AMSA will shut down its radiobeacon differential global positioning system (DGPS) service from July 1.
AMSA established its radiobeacon DGPS service in the 1990s, to improve the accuracy and integrity of global positioning system (GPS) information for ships navigating off the coast of Australia.
At the time, the publicly available GPS signal was intentionally degraded, resulting in large position errors of up to 200 metres. Augmentation was necessary to correct for these errors and meet minimum requirements for maritime positioning and navigation.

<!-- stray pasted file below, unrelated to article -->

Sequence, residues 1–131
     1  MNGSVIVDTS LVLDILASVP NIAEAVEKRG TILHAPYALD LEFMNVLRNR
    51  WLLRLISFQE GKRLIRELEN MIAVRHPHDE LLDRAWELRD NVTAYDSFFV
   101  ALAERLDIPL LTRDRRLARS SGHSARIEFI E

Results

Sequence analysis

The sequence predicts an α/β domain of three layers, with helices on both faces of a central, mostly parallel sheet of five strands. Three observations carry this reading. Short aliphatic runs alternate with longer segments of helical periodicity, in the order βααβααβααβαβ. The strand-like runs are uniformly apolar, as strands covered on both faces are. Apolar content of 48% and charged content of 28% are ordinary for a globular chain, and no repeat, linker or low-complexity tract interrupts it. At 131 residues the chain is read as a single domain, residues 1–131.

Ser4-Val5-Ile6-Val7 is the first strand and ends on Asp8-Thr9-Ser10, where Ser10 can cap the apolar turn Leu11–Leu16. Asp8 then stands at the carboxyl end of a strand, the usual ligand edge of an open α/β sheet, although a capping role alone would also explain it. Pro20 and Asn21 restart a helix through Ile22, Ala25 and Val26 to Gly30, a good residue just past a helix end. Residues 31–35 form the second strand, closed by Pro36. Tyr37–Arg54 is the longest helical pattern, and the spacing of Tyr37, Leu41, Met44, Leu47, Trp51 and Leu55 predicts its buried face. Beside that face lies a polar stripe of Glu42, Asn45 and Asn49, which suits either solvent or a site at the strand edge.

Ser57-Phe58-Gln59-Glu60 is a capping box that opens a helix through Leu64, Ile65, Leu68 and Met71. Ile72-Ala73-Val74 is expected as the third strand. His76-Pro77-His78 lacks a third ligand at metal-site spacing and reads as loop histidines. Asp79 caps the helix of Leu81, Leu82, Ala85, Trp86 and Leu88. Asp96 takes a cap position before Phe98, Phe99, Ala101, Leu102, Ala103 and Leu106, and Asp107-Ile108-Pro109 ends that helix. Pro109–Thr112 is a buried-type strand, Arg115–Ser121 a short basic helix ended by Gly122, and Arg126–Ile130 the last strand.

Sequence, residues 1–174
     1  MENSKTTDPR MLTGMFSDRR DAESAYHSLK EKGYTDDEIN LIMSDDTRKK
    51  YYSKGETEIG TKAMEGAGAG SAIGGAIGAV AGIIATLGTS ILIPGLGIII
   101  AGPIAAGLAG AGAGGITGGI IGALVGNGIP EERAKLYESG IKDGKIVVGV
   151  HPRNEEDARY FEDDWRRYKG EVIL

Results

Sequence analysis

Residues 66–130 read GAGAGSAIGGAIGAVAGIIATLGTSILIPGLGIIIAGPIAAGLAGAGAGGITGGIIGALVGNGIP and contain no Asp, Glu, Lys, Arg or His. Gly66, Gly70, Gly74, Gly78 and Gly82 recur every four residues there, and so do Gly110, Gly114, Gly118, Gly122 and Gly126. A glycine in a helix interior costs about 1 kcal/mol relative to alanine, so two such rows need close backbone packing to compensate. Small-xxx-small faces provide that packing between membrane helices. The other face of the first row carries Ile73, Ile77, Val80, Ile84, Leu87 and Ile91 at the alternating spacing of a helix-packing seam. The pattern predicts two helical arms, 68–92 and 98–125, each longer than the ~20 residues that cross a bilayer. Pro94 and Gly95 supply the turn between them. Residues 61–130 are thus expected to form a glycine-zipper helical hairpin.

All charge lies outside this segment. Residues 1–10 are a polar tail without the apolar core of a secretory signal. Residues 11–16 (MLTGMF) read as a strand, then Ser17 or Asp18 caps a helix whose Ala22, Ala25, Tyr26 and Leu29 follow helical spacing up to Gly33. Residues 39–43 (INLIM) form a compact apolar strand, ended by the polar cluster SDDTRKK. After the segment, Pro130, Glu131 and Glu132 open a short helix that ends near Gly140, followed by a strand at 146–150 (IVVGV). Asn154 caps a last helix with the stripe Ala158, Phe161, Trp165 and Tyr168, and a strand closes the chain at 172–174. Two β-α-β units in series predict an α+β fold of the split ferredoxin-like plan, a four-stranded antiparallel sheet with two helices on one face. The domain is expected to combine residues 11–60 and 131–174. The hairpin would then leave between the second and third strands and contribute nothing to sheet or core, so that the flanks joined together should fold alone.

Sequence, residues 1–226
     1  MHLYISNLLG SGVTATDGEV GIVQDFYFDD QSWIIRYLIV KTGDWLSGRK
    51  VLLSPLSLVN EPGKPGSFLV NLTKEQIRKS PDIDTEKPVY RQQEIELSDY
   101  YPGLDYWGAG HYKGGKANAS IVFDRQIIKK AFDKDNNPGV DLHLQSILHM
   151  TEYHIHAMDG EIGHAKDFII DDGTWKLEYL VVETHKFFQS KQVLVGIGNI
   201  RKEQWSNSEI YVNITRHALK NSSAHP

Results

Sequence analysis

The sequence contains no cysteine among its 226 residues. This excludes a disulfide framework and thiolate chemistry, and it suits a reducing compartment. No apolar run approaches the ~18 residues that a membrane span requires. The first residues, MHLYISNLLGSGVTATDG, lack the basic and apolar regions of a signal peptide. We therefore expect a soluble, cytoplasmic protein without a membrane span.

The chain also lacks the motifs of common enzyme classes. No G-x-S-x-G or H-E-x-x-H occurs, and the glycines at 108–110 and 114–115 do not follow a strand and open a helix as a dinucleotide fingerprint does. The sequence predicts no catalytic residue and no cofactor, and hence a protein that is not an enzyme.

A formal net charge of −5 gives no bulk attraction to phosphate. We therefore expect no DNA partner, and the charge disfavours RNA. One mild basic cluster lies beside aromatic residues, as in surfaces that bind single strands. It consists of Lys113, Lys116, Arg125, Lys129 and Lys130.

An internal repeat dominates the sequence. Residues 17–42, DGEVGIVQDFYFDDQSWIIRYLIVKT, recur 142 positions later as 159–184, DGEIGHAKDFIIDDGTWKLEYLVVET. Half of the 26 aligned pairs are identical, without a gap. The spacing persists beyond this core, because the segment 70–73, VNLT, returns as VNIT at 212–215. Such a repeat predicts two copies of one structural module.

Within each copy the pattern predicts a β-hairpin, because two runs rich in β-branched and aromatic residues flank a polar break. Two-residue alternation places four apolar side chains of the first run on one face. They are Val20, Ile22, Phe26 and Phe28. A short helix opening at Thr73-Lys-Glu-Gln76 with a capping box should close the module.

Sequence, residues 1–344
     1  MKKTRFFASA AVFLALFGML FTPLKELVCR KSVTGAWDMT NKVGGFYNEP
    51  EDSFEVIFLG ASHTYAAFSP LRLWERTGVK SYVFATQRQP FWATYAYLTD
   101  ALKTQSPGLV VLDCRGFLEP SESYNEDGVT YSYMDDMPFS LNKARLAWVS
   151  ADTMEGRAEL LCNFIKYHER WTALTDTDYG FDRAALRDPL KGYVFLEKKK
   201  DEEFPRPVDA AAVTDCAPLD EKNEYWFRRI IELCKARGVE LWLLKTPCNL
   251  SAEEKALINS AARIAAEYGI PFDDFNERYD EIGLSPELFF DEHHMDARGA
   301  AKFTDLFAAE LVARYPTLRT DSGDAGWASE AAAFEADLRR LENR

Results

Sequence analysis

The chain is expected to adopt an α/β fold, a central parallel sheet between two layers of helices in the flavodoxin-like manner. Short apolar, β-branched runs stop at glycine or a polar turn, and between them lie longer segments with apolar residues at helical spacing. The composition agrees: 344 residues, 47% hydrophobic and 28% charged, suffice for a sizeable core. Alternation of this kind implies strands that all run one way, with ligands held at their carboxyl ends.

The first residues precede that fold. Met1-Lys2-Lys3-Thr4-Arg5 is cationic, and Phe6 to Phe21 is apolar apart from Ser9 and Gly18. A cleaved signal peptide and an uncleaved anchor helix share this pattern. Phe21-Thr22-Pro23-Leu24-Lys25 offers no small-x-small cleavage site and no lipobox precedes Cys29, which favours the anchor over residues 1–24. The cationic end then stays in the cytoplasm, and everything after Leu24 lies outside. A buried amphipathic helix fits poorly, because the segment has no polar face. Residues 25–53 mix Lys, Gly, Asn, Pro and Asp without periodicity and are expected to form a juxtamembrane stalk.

In the year 2000, the intentional error in GPS positioning was removed. Since then, system technology has improved and the GPS constellation has been modernised. Observed positional accuracy for unaugmented GPS now consistently meets IMO requirements for accuracy in harbour/harbour-approach navigation.
For the vast majority of maritime users, the discontinuation of AMSA’s DGPS service will not impact the accuracy of satellite positioning or safe navigation. DGPS receivers will no longer receive the AMSA radiobeacon DGPS signal in areas where it was previously available. This may generate a “lost signal” alarm, but your receiver will still provide a GPS-derived position.
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